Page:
Illinois lawmakers passed a bill that was supposed to diversify the state’s largely white, male corporate boards, but the legislation got watered down to a version that no longer requires specific minority representation.
House Bill 3394, meant to promote workplace diversity, passed at the end of the state General Assembly’s legislative session last week. It now heads to Gov. J.B. Pritzker’s desk for signing.
The House’s version of the bill, which passed in March, would have required Illinois companies to have at least one woman, one African-American and one Latino on their corporate boards by the end of 2020. But the Senate dropped that provision in its version, replacing it with a requirement for publicly traded companies to report their board’s demographics and diversity initiatives on their websites. That bill also requires the University of Illinois to publish an annual report card on the progress.
All but one of the 30 most valuable companies ― according to their May 3 stock market valuations ― had at least three women on their boards, according to data collected last month by the Chicago Tribune. Women directors hold 26% of board seats, black directors hold 9% and Latinos 2%, though the Tribune said not all companies responded to its data request.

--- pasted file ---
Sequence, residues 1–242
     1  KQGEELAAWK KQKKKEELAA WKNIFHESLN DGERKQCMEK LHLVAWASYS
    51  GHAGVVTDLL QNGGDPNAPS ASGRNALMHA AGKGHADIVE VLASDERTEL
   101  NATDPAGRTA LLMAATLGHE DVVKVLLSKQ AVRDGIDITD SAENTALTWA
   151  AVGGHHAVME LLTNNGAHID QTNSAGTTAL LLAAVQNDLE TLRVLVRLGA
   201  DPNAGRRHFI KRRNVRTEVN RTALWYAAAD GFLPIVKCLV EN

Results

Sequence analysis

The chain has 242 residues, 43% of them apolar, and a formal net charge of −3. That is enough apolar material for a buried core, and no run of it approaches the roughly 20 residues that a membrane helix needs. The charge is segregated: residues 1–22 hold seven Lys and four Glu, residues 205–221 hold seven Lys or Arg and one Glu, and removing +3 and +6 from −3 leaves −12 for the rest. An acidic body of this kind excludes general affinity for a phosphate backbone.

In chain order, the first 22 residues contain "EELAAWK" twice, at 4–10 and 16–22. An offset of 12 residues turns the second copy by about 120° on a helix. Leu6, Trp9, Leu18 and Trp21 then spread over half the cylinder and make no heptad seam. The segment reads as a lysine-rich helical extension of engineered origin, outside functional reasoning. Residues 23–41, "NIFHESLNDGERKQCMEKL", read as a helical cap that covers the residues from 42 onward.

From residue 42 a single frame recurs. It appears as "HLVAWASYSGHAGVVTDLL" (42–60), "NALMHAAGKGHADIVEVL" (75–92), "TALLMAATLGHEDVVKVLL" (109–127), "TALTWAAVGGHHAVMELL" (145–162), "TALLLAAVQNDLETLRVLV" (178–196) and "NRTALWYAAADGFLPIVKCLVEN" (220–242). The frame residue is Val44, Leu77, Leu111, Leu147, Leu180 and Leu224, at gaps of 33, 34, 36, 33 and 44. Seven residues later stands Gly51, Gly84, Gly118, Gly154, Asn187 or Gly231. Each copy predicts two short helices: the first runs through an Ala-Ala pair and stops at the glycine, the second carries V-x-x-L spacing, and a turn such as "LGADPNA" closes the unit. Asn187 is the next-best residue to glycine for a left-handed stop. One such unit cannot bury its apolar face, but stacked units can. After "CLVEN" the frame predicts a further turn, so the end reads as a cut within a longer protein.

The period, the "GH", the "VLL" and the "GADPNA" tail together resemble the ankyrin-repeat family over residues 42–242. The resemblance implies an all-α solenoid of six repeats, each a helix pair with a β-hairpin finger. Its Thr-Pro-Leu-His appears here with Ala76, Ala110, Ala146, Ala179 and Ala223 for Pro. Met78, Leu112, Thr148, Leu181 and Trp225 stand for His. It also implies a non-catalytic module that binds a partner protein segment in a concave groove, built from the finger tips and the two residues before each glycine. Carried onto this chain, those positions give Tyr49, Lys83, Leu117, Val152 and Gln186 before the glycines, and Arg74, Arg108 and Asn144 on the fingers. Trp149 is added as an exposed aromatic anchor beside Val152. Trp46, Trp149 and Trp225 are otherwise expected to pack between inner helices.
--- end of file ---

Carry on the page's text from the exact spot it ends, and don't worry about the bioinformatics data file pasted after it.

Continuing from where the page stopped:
Some people said the bill is a step in the right direction, even if weakened, though the Rev. Jesse Jackson told the Tribune that the legislation was “gutted.”
“The struggle continues,” said Jackson, who has addressed corporate diversity before. “But it’s just not the board ― it goes beyond the board members, how many black or Latino lawyers are employed by the company? How many people of color are handling the 401K investments, the procurement pipelines ― what kind of diversity is there?”
The legislation comes after California passed a law last year requiring publicly traded companies in the state to have at least one woman on the board by the end of 2019. Those same companies will then be required by 2021 to have two women on a board of at least five members, and three women on a board of at least seven members.